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Harmonic functions

  1. Feb 11, 2009 #1
    the function [tex]f:\Re^n \rightarrow \Re = |X|^{2-n} [/tex] is harmonic, but only for n > 2.

    why is the condition n > 2 imposed. Isn't harmonic for all values of n??
  2. jcsd
  3. Feb 11, 2009 #2
    Shouldn't the domain be [tex]\mathbb{R}^n\setminus \{ 0 \}[/tex]? Otherwise, said f could not even exist at 0, and hence is clearly not harmonic.
  4. Feb 12, 2009 #3
    ya i'm sorry that is the domain...my mistake...

    but still, why shoud n>2, why cant n = 1???..

    note: n stands for dimension of the space and hence is an integer >=1
  5. Feb 12, 2009 #4


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    oh, is this classical physics? ;-)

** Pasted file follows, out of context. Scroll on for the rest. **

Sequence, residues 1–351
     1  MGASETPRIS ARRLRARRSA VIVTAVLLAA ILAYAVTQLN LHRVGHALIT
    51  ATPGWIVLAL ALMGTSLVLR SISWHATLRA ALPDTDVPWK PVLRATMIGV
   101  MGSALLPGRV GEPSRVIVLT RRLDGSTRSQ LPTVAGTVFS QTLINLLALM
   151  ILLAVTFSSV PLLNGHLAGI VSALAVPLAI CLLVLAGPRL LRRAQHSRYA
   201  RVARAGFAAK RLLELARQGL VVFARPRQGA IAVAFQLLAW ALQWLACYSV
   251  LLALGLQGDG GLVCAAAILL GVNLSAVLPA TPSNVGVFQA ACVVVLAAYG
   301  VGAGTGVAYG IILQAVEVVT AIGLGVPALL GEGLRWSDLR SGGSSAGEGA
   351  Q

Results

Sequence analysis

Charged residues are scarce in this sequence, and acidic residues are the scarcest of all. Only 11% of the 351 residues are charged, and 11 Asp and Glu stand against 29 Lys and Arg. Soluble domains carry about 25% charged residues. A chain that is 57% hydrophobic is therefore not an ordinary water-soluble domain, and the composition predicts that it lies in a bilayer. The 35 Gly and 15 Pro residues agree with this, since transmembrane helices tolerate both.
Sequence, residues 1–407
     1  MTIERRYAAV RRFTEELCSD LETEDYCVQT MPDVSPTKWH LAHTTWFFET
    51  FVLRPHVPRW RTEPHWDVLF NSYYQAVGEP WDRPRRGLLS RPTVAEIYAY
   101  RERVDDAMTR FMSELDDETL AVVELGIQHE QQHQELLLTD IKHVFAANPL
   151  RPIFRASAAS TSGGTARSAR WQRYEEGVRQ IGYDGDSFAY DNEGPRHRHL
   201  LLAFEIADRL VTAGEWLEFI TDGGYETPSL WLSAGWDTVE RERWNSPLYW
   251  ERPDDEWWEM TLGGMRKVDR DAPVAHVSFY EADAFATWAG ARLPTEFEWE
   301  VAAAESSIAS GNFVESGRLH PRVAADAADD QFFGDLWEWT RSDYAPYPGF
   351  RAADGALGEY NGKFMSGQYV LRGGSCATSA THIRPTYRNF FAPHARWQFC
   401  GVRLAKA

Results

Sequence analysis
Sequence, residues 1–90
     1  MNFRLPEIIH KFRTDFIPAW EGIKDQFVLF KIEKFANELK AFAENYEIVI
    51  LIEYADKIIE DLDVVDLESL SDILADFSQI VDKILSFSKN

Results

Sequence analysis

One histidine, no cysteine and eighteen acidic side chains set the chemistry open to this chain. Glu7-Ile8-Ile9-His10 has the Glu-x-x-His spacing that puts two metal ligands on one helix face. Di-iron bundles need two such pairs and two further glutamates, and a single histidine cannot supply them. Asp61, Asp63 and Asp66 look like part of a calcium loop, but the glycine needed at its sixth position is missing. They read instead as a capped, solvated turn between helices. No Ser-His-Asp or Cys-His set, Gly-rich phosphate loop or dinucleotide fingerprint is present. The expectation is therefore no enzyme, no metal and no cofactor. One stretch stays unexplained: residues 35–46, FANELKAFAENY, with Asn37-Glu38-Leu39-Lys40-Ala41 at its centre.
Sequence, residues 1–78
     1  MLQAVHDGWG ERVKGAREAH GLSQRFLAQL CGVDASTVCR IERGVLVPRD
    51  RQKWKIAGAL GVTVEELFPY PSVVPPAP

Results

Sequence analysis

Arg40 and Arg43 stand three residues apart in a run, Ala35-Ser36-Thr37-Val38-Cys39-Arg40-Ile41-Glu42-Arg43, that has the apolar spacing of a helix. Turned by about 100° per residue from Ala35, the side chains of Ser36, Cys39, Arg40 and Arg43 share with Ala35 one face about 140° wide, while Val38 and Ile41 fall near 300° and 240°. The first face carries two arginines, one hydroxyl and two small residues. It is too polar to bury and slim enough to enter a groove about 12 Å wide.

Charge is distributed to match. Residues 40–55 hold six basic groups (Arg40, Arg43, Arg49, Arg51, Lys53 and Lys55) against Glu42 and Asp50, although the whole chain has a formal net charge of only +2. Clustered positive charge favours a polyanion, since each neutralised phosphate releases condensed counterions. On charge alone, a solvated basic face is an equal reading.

Try what happens if n=1, is the function harmonic then?
  6. Feb 12, 2009 #5
    of course it is classical physics. It plays a MAJOR role in electromagnetic theory. and the potential formulation of the theory.

    for n = 1, it is harmonic as laplacian(|X|) = 0 right? so it satisfies.

    but then, why put the condition n > 2. I have seen it in many books
  7. Feb 12, 2009 #6


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    well then calculus problems are classic physics problems aswell. Just trying to make sure you get help.

    Now harmonic functions are functions which are continuously differentiable twice and satisfy Laplace equation.

    So play around with the criterion for twice continuously differentiable.
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